When the download was finally finished, I installed this 11g client and noticed that indeed, the Oracle ODBC driver appeared in the ODBC manager. Hooray! So I set up the ODBC data source for the application that I tried to set up and indeed, I could choose the datasource, I selected it and … the application just crashed. Gone. Damn. As expected actually, since the software doesn’t support the 11g client. So I started to search further, noticed there was an update of the 10g client (with Vista support) so I started to download that one (another 500MB download) but I continued my search. I noticed a strange thing about another application, Powerbuilder 11, that has 11g support, but which refused to connect to the oracle database, although the 11g client was installed. It was a difficult search, but all of a sudden, I came across Google Groups where a few words were blinking.

PB is 32 bit and requires 32 bit client libraries.

How embarrassing. Of course! Powerbuilder didn’t say it couldn’t find the Oracle installation, it said it couldn’t load a specific DLL (a specific 64bit DLL). And that’s the reason why my 32bit installations of Oracle doesn’t appear in the ODBC manager: it only shows 64 bit ODBC drivers! So, I didn’t cancel my 64bit download of Oracle 10g, but I added two other downloads: 32bit version of the latest 10g and the 32bit version of 11g. (you can guess the filesize).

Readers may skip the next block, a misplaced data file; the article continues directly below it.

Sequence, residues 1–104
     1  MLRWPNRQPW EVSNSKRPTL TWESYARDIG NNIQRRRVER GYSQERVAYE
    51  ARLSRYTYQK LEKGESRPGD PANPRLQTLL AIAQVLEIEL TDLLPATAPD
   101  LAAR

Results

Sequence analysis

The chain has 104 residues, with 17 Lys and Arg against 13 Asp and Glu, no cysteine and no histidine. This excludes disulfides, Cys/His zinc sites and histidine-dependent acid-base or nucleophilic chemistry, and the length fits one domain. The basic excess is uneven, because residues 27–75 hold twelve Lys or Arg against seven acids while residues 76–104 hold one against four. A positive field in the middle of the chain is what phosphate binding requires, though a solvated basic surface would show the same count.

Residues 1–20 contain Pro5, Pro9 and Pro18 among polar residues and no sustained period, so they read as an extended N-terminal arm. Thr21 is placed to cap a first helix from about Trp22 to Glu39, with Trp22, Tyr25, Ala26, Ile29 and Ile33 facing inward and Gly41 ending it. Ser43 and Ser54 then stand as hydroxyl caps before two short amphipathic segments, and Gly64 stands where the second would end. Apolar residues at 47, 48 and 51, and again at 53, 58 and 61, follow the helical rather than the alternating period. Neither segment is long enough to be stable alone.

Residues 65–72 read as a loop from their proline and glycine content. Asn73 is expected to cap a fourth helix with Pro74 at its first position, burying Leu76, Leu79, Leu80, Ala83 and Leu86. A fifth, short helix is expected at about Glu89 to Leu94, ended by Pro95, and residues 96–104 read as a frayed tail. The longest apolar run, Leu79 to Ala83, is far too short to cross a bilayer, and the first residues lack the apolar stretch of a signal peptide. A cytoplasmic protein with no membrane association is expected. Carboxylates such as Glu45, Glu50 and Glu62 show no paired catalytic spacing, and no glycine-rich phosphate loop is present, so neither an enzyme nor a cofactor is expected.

At the installation (I speak 2 hours later and a little modification later), I ran into this other problem. The installer didn’t continue since the OS version isn’t supported. It requires at most Windows 6.0 and I have Windows 6.1 (yes, Windows 7 is version 6.1). But there’s a quick and simple work-around by faking that the OS is supported. The installation worked. Powerbuilder could now connect to the Oracle database (using these 32bit data sources) but my problem on Heat was still standing: no 32bit ODBC drivers in my ODBC manager. There had to be a way to set them up. And there is. It’s called the “32bit version of the ODBC manager” which is the second hit when you enter “ODBC” in the start menu search field.

And now everything falls into place. The fact that Powerbuilder couldn’t see any of the System DSN’s, is part of the same problem: it can’t see any of the 64bit System DSN’s, but it CAN see all the 32bit System DSN’s.

So my problem is just that I installed the 64 bit version of Windows 7. If I would have installed the 32 bit version, I wouldn’t have had any problems I guess…

Running 64 bit Windows 7, my Oracle 10g problems are thus solved by

  • Installing the 32 bit versions of the Oracle clients (both 10g and 11g work without a problem – so far)
  • Setting up the ODBC data bases using the 32bit version of the ODBC manager (which is included by default)

It took me only three days to figure that out.

Windows 7

Windows 7